# StatCalc: Statistical Calculators

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#### Stratified Analysis of 2 x 2 Tables

Stratifying a dataset separates the population into distinct categories based on levels of a parameter (i.e., sex). If confounding is present, associations between disease and exposure can be missed or falsely detected. A confounding factor is one that is associated with the disease and the exposure, but may not be of interest or observed. Age is a frequent confounder, although any factor other than the main exposure being considered can be treated as a confounder.

Stratification means making a separate table of disease by exposure for each possible confounder combination. In the simplest case, this could mean separate male and female tables if sex is the potential confounder. If age, sex, and city are confounders, separate tables will be made for each possible combination of age group, sex, and city.

The Mantel-Haenszel weighted odds ratio, risk ratio, summary chi square, and p-value calculations combine results from different strata to remove confounding caused by the variables used for stratification. If tables are created for male and female, confounding by sex is removed. The degree of confounding can be judged by comparing the crude and weighted odds ratios. If the ratios are identical, there was no confounding by sex.

The Adjusted Mantel-Haenszel and Adjusted Mantel-Haenszel confidence limits provide additional measures. If the weighted odds ratio or risk ratio (not for case-control studies) has confidence limits that do not include 1.0, there is a statistical association with 95% confidence between the disease and the exposure without confounding by the stratifying factor.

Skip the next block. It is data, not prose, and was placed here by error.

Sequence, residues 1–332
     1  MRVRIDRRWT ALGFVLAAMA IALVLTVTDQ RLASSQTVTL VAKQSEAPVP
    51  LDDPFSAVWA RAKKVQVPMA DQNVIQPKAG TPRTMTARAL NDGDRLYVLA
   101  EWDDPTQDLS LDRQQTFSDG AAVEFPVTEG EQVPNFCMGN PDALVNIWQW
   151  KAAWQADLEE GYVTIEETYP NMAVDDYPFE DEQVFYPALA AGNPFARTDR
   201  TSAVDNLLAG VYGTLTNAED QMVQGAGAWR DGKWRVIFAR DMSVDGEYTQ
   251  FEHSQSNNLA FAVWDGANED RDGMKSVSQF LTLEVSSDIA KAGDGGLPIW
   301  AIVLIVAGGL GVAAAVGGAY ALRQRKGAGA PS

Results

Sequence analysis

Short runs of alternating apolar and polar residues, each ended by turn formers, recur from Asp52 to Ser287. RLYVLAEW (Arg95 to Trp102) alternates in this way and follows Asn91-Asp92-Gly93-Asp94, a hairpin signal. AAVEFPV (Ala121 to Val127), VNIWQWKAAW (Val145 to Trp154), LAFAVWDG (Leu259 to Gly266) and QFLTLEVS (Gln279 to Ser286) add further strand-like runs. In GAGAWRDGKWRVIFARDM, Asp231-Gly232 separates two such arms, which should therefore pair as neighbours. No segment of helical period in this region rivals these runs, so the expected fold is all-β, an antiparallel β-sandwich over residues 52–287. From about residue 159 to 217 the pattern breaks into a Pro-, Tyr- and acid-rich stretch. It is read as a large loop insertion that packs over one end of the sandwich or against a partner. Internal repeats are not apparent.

If the odds ratio or risk ratios for strata in a series of stratified tables for the tests are not similar, then interaction between the stratifying factor and the risk factor are present.

#### Example

The following example investigates the relationship between alcohol and myocardial infarction (Relationship Between Alcohol Consumption and Myocardial Infarction (MI): Confounding Due to Smoking Hypothetical Data, Schlesselman JJ. Case-control studies. New York: Oxford University Press, 1982).

The following case-control study indicates an apparent association between alcohol consumption and MI.

Figure 10.6: Unstratified 2 x 2 Table Data

Smoking is known to be associated with MI and alcohol consumption. Stratifying the data by smoking status creates two tables, one for smokers and one for nonsmokers.

Figure 10.7: Stratified 2 x 2 Table Data

To view and create a stratified analysis:

1. From the StatCalc application main page, select Tables (2 x 2, 2 x n). A blank table opens in the StatCalc application window.
2. Enter the data from the Nonsmokers sample table in the Strata 1 tab.
Figure 10.8: Strata 1 Data
1. Click the Strata 2 tab.
2. Enter the data from the above Smokers sample table.
3. The summary results populate as you enter data.
Figure 10.9: Strata 2 Data and Results

The odds ratio for each table is 1.0, and the Mantel summary adjusted odds ratio is 1.0. The crude odds ratio and the Mantel-Haenszel summary odds ratio are quite different (2.26 and 1.0), concluding that smoking was a confounding factor and there appears to be no association (odds ratio = 1.0) between alcohol and MI in this example. Note that the odds ratio in the two strata is the same (1.0). There is no interaction or effect modification between smoking and alcohol. In other words, the effect of alcohol on MI is the same for smokers and nonsmokers. When the effect varies in the different strata (the odds ratios are different), interaction or effect modification is present.

Note: Summary results only appear in stratified data sets (summary results show adjusted results based on the stratification criteria).